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Why I’m not listening to offers

listening to offersEd Note: This is a departure from my usual posts. Today's post is for: Companies who have a service/software they want to 'sell' to my audience. If you're one of my avid readers/listeners, you may still be interested in this.

I'm very lucky to have: a big, loyal newsletter readership , a 'little' podcast that gets 15,000+ downloads monthly, and a blog with almost 1,000 daily page views.

I work(ed) hard to get a big audience (with a rocking email open rate), so it's not a surprise that I get a LOT of inquiries from companies (mostly Amazon and eBay software and service providers) who smell fresh blood want to get in front of them.

I get it. Everyone wants new business, and with everyone offering "The Next Big Thing" in e-commerce, it's getting extremely hard to be heard. Products and services targeting the eBay and (particularly) Amazon seller are everywhere, all promising huge profit boosts and efficiencies. The risk to my audience can be high because any company can be a guy in a basement who hung out a shingle, and who wants the user's credit card number.

The reality: Of all the companies that have approached me, I've found roughly 30% are trusted, with a proven product/service, and poised for a long haul. Another 30% are flash-in-the pan (here today, gone tomorrow). And a good 40% have no business sniffing around (they're clearly not a match to my audience, and/or they emerged from the back of the local used car lot).

I'm not trying to sound like an elitist here, all like "my audience I are too good for you." It's not that. Really. It's because:

1.) I get multiple offers from potential partners per week, and no/very little time (like, seconds) to review them; and

2.) Some offers require far too much effort from me/my audience for too little benefit. My audience and I want to be able to extract value from it nearly instantly. That means: save us money, make us money, or both. It should be done quickly, without jumping through hoops. (Alternately, if using your solution requires work from us, that 'work' should be a lot of fun); and

3.) Most companies that approach me should be able to communicate their (real) value proposition quickly and concisely. I don't mean the shiny MBA value proposition that's on their web site. We (my audience and I) want to hear "here's how we've helped sellers like you increase profits/save money," et. al. Nine out of 10 times I get emails from businesses that shout "Yay! We Rock! Why? We Don't Know! We Just do! Your Audience NEEDS to Know About Us Too!"

4.) This is a business. Here's where 1% of my audience doesn't get it. That 1% wants me to do everything for free. Some potential partners, too, want me to promote their products for free/nearly free because "Jordan, your audience deserves to learn about this great opportunity, and no one can profit but us.". I have news: the hundreds of Amazon and eBay experts/blog owners/Facebook group folks who are saying they're doing everything free for altruistic (read: they don't want to make any money) reasons are lying. They want to build up an audience they can eventually sell to. My blog exists today because it's a revenue source for me. Yes I give away a lot for free but if I spend all (or even half) of my time doing that, I'll be broke. I'm a person in the U.S. with employees, a family, mouths to feed and dreams and goals. None of that is free. So if any of you (online sellers and/or potential partners) are saying "Jordan, you should be giving that away for free" - please do the same and give away 50% of your physical products for free, and see how that works out for you. Translation: If you're a potential business partner, please make it worth my while to participate.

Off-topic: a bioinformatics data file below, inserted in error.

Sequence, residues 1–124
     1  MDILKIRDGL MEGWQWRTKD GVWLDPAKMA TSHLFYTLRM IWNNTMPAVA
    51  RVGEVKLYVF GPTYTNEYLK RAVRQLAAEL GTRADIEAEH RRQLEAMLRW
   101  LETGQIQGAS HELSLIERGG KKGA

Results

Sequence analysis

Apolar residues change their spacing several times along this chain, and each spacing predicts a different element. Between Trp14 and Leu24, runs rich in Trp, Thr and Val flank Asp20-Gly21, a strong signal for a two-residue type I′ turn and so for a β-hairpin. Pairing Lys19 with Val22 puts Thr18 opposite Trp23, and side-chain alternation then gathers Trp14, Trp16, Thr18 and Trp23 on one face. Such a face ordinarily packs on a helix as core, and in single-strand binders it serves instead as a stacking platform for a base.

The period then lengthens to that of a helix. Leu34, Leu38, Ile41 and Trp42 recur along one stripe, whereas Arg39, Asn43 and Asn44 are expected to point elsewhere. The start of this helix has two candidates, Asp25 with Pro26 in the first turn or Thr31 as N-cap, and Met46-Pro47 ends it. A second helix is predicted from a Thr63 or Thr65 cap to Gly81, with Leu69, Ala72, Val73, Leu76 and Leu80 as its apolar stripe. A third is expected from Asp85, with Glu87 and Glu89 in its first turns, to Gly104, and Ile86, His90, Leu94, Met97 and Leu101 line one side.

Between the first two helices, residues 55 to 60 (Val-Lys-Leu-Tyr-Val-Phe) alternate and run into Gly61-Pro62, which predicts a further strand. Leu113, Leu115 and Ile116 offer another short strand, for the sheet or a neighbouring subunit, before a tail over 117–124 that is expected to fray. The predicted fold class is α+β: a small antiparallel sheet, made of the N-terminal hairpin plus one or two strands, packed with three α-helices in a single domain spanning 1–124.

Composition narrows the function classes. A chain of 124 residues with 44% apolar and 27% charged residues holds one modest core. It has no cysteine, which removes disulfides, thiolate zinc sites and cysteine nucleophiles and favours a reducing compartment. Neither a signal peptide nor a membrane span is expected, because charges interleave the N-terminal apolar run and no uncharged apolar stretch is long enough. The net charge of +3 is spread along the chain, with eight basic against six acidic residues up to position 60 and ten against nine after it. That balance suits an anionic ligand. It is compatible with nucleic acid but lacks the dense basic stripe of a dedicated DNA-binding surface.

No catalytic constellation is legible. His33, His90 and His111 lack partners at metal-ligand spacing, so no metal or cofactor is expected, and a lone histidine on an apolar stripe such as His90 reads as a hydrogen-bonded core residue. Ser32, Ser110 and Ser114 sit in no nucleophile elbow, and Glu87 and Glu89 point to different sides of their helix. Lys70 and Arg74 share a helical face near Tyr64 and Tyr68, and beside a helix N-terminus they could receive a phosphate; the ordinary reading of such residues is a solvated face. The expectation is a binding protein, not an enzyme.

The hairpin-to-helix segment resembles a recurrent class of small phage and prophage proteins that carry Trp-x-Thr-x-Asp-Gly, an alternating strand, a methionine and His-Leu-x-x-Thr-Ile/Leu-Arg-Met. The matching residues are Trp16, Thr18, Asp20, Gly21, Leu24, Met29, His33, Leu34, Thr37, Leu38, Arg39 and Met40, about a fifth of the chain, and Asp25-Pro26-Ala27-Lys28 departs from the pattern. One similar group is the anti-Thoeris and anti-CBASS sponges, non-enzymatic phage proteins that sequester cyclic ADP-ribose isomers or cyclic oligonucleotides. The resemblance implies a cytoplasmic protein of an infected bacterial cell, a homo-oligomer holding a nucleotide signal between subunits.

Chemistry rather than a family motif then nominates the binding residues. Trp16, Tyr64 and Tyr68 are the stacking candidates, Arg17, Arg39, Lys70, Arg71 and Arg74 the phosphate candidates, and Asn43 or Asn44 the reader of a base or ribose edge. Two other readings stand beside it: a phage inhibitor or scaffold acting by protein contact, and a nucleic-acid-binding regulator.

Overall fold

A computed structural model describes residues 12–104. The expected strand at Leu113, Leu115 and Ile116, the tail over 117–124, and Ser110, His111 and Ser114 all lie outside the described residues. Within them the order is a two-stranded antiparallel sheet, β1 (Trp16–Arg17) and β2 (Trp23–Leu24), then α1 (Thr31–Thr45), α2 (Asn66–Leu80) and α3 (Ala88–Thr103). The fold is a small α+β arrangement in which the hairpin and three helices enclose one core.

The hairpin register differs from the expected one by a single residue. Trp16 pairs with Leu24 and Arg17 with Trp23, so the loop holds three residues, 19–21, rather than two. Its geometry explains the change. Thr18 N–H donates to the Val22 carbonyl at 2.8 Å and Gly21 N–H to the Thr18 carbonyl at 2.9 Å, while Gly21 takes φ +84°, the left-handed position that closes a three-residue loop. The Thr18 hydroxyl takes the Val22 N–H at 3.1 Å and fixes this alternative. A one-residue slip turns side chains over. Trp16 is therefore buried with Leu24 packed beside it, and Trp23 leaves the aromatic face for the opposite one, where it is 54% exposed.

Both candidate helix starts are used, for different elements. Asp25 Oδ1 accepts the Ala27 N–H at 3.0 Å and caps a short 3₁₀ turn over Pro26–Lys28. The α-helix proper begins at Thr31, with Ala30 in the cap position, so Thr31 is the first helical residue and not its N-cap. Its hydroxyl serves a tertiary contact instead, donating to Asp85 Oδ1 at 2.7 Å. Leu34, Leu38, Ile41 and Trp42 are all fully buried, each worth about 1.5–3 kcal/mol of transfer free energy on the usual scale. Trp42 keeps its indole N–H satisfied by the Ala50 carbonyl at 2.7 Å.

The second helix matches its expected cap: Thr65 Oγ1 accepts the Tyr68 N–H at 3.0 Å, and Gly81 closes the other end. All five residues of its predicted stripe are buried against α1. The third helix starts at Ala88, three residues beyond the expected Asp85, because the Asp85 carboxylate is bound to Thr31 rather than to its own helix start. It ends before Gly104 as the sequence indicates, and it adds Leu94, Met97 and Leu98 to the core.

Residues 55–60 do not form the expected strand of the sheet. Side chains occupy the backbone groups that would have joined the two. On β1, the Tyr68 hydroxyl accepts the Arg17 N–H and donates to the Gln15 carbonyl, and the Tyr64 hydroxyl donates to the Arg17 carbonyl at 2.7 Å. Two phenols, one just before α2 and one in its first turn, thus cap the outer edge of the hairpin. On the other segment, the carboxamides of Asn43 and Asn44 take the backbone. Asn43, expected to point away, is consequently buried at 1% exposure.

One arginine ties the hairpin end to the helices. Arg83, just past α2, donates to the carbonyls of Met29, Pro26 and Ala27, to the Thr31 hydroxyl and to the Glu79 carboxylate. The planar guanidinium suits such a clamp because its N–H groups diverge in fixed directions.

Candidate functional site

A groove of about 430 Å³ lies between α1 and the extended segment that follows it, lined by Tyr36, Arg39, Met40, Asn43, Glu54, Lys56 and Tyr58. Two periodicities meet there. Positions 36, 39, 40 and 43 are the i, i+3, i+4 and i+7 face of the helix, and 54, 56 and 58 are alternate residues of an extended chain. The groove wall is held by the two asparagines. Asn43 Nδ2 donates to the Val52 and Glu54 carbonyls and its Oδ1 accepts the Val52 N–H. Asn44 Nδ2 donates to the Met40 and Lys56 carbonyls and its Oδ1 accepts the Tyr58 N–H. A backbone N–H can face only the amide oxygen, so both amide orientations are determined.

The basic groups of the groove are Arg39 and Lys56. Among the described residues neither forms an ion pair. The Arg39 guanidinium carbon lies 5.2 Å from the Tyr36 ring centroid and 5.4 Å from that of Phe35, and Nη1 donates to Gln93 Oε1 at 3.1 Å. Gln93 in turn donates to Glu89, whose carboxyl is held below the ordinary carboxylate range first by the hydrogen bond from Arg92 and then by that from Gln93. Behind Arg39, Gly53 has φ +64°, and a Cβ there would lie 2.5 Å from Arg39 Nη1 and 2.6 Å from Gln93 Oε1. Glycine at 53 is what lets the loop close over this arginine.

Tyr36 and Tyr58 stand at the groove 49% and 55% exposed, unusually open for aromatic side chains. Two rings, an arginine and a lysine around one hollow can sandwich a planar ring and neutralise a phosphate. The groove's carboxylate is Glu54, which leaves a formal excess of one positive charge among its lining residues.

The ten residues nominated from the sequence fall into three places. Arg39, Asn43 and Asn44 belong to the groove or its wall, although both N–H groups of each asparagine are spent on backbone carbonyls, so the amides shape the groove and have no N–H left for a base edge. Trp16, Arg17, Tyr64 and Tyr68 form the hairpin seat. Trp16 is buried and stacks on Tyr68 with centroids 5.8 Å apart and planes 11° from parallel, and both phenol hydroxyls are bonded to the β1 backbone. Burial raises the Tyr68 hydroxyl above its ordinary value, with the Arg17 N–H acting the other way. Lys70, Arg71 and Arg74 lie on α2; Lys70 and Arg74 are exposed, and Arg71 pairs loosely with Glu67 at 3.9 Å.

So, if you want to get my attention (and get big brownie points to potentially get in front of my audience), I have some tips for you. Actually, you could take these tips and duplicate them for other blog owners/big Facebook Group owners etc., and thus get even more brownie points and exposure. The thing is, this requires a little work. 95% of you reading this won't do it. 5% will. Those 5% are poised to win.  Ok here we go:

  • Offer me a free trial (more than 15 days), and give me instant access (hint: send the log-in info right away when you're soliciting me. The less work for me the better.) I'm not asking this because I want free stuff, I'm asking because you need to make it easy for me (not paying is one less step for me); AND